business news in context, analysis with attitude

by Kevin Coupe

MNB readers are familiar with what has become my annual summer adjunctivity at Portland State University in Oregon. This is the seventh summer that I’ve made the trek to the Pacific Northwest to team teach - with Tom Gillpatrick - a retail/CPG marketing class during the summer semester. In so many ways, these summers have fed my soul … and they’ve done a pretty good job of feeding my stomach, too.

I have, over the years, twice written about Stumptown Coffee here on MNB; one of those columns was expanded upon and became a chapter in my book, Retail Rules: 52 Ways To Achieve Retail Success.

In the first column, I related an anecdote about the importance of getting things right -= even the things the customer doesn’t see. It came out of a conversation I had with one of the store managers, Bo, while I was sitting at the counter waiting for ,y latter to be made. It took some time (for reasons made clear in the column), but Bo put it this way: "It's not worth doing if we can't do it right.”

The second column came out of a conversation I had last summer while sitting at that very same counter, with a young woman named Alina, a very nice young woman who was weighing coffee grains to make sure that they were between 19.5 and 20 grams of ground coffee … and that yes, being off by a little bit, one way or another, would make a difference. The column was about how little things matter.

I tell you all this because a couple of days ago, once again having traveled to Portland, become ensconced in my short-term apartment rental and gone for an early morning jog along the Willamette River (I am nothing if not a creature of habit), I grabbed my iPad and backpack and walked to the Stumptown Coffee on Third Avenue.

And found that it had been remodeled. And upgraded. It seemed bigger and airier than before, and maybe just a little bit cleaner, and certainly the tables and chairs had been upgraded. I missed the old look, I must admit, which somehow seemed more authentic, but I don’t want to be one of those grumpy old men who always thinks things were better the old way.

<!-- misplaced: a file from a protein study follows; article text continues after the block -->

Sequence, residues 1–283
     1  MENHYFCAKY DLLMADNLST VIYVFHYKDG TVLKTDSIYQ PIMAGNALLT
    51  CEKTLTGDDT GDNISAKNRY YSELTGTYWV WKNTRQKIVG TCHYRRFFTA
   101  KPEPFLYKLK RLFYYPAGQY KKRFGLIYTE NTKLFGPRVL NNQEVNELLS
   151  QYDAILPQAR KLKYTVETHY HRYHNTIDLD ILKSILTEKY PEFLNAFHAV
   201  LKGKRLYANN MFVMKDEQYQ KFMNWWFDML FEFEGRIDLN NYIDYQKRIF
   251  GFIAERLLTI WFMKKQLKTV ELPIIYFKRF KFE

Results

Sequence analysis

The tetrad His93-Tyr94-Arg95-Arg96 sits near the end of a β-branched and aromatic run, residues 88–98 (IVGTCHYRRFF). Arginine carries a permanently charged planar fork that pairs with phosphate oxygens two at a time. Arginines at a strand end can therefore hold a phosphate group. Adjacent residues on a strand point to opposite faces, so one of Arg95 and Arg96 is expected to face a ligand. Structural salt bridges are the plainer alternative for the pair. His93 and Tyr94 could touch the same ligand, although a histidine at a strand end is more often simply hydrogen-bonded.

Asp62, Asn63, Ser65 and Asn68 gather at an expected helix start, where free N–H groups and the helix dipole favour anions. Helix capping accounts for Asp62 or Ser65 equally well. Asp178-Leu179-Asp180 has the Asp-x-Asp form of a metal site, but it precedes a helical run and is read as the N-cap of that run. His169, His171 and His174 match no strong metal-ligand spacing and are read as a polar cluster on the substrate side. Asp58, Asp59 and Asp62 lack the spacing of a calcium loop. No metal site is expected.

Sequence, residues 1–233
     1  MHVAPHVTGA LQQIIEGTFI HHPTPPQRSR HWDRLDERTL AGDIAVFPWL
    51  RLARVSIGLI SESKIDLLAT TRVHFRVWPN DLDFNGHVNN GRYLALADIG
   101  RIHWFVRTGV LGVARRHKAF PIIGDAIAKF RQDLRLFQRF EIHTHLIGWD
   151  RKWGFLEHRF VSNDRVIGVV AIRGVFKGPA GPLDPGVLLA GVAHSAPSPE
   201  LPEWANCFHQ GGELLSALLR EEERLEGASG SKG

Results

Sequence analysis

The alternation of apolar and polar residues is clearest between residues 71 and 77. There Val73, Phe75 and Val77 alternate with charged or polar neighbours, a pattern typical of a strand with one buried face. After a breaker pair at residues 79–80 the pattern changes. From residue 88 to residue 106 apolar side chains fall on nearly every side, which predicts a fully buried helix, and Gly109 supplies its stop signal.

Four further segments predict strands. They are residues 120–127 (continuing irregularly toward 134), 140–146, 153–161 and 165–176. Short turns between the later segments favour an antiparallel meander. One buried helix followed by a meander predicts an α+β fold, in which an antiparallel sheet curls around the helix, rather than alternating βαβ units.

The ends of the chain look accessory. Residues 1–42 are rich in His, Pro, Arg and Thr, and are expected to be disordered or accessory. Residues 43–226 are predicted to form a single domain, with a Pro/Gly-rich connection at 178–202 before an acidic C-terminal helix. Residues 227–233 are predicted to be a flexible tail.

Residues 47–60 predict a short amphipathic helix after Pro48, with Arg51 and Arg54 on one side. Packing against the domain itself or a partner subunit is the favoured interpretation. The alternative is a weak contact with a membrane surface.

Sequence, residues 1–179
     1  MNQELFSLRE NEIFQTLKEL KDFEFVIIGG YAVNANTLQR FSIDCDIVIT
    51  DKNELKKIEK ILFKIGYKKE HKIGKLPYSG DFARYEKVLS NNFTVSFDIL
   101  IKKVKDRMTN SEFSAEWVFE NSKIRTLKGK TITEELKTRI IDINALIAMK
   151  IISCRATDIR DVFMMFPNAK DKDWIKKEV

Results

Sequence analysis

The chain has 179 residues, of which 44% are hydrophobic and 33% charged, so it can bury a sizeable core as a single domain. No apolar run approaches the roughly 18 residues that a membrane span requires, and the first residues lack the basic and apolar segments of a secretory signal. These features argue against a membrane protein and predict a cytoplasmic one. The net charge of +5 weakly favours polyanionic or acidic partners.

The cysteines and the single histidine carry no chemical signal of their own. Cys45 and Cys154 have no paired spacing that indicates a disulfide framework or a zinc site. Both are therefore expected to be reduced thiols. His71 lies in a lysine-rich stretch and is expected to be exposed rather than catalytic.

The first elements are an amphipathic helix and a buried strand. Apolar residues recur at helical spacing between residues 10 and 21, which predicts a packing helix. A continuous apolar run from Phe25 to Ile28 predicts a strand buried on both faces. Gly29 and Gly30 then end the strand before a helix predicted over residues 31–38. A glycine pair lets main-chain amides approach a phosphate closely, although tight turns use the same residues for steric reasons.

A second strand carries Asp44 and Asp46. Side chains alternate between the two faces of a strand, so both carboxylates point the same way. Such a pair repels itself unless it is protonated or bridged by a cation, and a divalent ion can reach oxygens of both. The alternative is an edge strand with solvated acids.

But there was one big change that really bothered me.

They’ve taken away the counter where I used to sit. Lots of tables and chairs, all very nice. But no counter.

Now, in addition to being a creature of habit, I’m also a bit of a sentimentalist. I liked that counter. I got two columns and a book chapter while sitting at that counter, and spent a fair amount of time over the past six summers sitting there, drinking coffee, checking email and doing some writing.

And talking to baristas.

It seems to me that getting rid of the seats at the counter could end up being a mistake for Stumptown. Those seats created a sense of intimacy with the process and the people that combined to make the store experience unique. That’s gone now, and I’m not sure how it can be recaptured.

Intimacy with customers is hard to achieve and even harder to sustain. Sometimes it happens by accident, and sometimes it is designed into the experience (although even the greatest design cannot create it without the right people and culture). Having it, and then giving it up on purpose?

I cannot imagine this is a good idea.

I’m not sure why they did it. Maybe it was the store designer who thought it was a good idea. It should be noted that Stumptown now is owned by Peet’s, and so maybe there is a bit of a corporate mindset sneaking in (though it doesn’t feel that way … even if the physical facility has been upgraded, there is a but of a subversive vibe that remains).

Waiting for as refill on my coffee the other morning, I mentioned to the barista that I missed the seats at the counter. He looked at me, very seriously, and said, “I miss it, too.”

And that’s this morning’s EyeOpener.

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